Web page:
Margate railway station

Margate railway station serves the town of Margate in Thanet, Kent, England. It is 73 miles 69 chains (118.9 km) down the line from London Victoria. The station and all trains that serve the station are operated by Southeastern.

Margate
National Rail
Margate railway station entrance Margate Kent England.jpg
LocationMargate, District of Thanet
England
Grid referenceTR347705
Managed bySoutheastern
Platforms4
Other information
Station codeMAR
ClassificationDfT category D
History
Opened5 October 1863
Passengers
2016/17Increase 0.893 million
 Interchange Increase 6,683
2017/18Increase 1.008 million
 Interchange Increase 7,285
2018/19Increase 1.114 million
 Interchange Increase 8,233
2019/20Increase 1.140 million
 Interchange  Decrease 7,817
2020/21Decrease 0.353 million
 Interchange Decrease 1,157
Listed Building – Grade II
FeatureMargate Railway Station
Designated25 August 1987
Reference no.1260321[1]
Notes
Passenger statistics from the Office of Rail and Road

Trains from the station generally run to Victoria via Chatham or to London St Pancras via Ramsgate, Canterbury West and Ashford International. Peak hour trains run to St Pancras via Chatham and Gravesend and to London Cannon Street.

HistoryEdit

 
BR Standard 2-6-2T at Margate in 1958
Ramsgate and Margate
Margate Sands
Margate West
Chatham Main Line
to London Victoria
Line closed north and south of
Margate Sands Goods in 1926.
 
 
 
Margate East
Tivoli
Broadstairs
To Ashford and Dover
 
 
Dumpton Park
St Lawrence
for Pegwell Bay
 
 
 
Ramsgate
Ramsgate Town
Ramsgate Harbour

The arrangement inherited by the Southern Railway in 1923 with the lines and stations closed in 1926 shown in pink (Tivoli had closed c.1867 and St Lawrence for Pegwell Bay had closed in 1916). The dotted line represent the new surface lines and stations. Ramsgate and Dumpton Park both opened in 1926. Margate Sands Goods closed in 1972. The diagram shows the position as of 1926.

Trains first reached Ramsgate in April 1846 when the South Eastern Railway (SER) opened a line from Canterbury. It terminated at Ramsgate SER, later to be called Ramsgate Town.[2] Later the same year the line opened across Thanet to Margate, to Margate SER, (later Margate Sands). Trains from Canterbury for Margate had to reverse at Ramsgate Town; a chord was built bypassing the station in 1864, costing £13,707.[3] St Lawrence for Pegwell Bay railway station was opened in 1864 just before this chord but closed in 1916.[4]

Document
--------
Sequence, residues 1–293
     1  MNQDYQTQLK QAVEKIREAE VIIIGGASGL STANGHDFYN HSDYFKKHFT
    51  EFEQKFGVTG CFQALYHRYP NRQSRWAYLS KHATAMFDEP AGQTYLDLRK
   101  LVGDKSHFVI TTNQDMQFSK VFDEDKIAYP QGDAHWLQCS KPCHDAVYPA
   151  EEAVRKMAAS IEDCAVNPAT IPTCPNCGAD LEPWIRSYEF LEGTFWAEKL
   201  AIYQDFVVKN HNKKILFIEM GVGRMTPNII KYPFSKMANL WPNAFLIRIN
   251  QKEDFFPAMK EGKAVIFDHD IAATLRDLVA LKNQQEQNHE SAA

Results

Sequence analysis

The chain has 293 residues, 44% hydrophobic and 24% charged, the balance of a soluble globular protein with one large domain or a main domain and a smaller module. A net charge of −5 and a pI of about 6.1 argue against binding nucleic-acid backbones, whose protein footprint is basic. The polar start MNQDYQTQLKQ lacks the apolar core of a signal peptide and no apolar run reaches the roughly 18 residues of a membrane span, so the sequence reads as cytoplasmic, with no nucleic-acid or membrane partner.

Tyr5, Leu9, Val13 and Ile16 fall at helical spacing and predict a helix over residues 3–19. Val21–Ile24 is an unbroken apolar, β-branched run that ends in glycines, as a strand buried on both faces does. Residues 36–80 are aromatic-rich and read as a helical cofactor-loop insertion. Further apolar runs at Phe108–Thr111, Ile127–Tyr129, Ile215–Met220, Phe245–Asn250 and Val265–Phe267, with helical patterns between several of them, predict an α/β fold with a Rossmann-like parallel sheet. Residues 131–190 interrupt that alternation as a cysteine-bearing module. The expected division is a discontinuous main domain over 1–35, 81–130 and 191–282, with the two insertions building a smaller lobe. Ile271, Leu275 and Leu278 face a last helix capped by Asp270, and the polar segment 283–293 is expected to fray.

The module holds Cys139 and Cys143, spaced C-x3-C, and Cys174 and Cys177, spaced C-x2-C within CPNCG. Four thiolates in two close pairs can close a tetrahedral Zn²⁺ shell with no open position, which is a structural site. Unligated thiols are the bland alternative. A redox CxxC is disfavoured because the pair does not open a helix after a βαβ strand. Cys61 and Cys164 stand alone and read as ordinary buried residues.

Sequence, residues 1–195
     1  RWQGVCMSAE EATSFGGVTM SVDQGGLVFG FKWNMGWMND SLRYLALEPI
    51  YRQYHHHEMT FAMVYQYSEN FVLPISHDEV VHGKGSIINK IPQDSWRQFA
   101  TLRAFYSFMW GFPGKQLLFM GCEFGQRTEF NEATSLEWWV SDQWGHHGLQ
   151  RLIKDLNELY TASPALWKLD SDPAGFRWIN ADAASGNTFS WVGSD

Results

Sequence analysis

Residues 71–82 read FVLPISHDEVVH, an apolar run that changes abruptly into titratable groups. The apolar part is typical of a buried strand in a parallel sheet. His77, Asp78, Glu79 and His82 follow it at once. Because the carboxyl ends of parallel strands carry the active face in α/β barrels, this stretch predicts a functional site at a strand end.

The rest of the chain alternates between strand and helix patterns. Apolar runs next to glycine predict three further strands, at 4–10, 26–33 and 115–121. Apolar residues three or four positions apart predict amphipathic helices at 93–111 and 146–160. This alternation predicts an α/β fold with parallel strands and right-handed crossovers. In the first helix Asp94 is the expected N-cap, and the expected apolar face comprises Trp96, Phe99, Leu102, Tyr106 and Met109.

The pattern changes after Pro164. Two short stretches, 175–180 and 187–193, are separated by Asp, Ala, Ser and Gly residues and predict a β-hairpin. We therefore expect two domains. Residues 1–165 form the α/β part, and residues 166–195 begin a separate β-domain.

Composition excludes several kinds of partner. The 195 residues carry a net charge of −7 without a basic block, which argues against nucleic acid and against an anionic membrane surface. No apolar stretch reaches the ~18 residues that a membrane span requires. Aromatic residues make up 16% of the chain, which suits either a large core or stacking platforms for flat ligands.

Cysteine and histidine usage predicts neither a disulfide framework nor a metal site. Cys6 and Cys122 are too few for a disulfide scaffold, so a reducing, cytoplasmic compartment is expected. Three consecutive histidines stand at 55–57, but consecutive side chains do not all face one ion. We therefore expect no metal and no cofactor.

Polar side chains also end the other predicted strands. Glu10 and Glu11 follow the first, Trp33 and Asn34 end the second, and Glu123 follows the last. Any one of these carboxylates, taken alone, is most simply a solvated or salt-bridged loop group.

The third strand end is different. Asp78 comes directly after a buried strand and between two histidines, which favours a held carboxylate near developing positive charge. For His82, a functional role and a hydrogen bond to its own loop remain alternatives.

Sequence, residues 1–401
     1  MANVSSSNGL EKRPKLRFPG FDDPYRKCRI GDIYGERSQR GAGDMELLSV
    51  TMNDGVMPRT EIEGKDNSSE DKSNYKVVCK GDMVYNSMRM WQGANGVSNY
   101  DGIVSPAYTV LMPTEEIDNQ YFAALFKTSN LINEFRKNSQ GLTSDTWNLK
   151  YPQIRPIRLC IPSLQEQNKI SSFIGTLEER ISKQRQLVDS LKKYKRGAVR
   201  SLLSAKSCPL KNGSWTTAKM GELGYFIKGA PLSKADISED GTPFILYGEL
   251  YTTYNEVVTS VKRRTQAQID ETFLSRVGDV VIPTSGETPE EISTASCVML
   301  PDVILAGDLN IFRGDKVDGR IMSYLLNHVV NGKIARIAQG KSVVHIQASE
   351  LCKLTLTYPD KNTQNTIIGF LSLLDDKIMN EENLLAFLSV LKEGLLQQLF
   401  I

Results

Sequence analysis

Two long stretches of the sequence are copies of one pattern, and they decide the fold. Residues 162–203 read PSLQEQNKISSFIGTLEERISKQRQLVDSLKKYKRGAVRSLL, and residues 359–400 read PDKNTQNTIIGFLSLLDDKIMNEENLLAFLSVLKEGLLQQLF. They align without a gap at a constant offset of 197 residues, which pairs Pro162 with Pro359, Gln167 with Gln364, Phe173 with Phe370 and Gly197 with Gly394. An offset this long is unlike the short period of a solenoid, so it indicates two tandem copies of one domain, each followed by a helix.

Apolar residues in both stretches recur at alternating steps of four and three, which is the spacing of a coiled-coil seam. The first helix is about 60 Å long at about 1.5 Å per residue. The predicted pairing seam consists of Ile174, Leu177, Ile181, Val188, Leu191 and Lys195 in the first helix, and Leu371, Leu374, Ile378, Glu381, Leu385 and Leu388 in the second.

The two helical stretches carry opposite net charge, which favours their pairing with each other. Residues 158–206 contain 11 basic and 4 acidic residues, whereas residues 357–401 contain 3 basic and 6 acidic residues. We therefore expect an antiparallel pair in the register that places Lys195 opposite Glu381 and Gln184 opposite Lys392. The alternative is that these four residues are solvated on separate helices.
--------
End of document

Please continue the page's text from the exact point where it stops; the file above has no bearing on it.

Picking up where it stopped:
The London Chatham & Dover Railway (LCDR) reached Margate from Herne Bay on 5 October 1863.[5] This called at Margate LC&DR (later Margate West), East Margate (later Margate East), Broadstairs and via a 1,630-yard (1,490 m) tunnel terminated at Ramsgate LC&DR (later Ramsgate Harbour), located near the harbour and beach.[6][7]

This arrangement was inherited by Southern Railway on grouping in 1923. To simplify the arrangement in 1926 a new line was opened connecting the SER line from the site of St Lawrence to the LCDR line just south of Broadstairs. The current Ramsgate station and a new station at Dumpton Park were built on this new line. The Ramsgate Harbour station, line through the tunnel, and the Ramsgate Town station and old SER line across to Margate Sands were all closed in July 1926.[8] Margate West station was renamed Margate in 1926. Margate East closed on 4 May 1953.[4]

Until 1967 a service operated between Margate and Birkenhead Woodside via Ashford, Redhill, Reading, Oxford, Birmingham Snow Hill and Shrewsbury. The stock was provided on alternate days by successors to the Southern Railway and the Great Western Railway, being the Southern Region and the Western Region under British Rail. At Ashford a portion from Sandwich, Deal and Dover was attached/detached, likewise a Brighton portion at Redhill.[citation needed]

ArchitectureEdit

The station was rebuilt in 1926 by the SR's chief assistant architect, Edwin Maxwell Fry. The building is constructed in a monumental classical style from brown brick with a stone dressing and a hipped tiled roof. The booking hall was built in a similar manner, in a distinctive ellipse shape with pendant lighting. It was Grade II listed in 1987.[1]

Cultural referencesEdit

The station was featured in Only Fools and Horses, in the 1989 episode The Jolly Boys' Outing. Del Boy and Rodney discover the station is closed due to a strike, after being stuck in Margate following their coach blowing up.[9]

ServicesEdit

 
Platform view

All services at Margate are operated by Southeastern using Class 375 and 395 EMUs.

The typical off-peak service in trains per hour is:[10]

Additional services including trains to and from London Bridge and London Cannon Street call at the station in the peak hours.

Preceding station   National Rail Following station
Southeastern
Southeastern
Terminus

ReferencesEdit

Citations

  1. ^ a b Historic England. "Margate Station (1260321)". National Heritage List for England. Retrieved 27 July 2016.
  2. ^ Gray 1990, p. 245.
  3. ^ Gray 1990, p. 246.
  4. ^ a b McCarthy & McCarthy 2007, p. 126.
  5. ^ McCarthy & McCarthy 2007, p. 125.
  6. ^ McCarthy & McCarthy 2007, p. 30.
  7. ^ "Margate". Kent Rail. Retrieved 9 March 2020.
  8. ^ McCarthy & McCarthy 2007, pp. 30, 32.
  9. ^ "Film & TV". Network Southeast. Retrieved 9 March 2020.
  10. ^ Table 194, 207, 212 National Rail timetable, December 2021

Sources

Coordinates: 51°23′7.04″N 1°22′19.85″E / 51.3852889°N 1.3721806°E / 51.3852889; 1.3721806

External linksEdit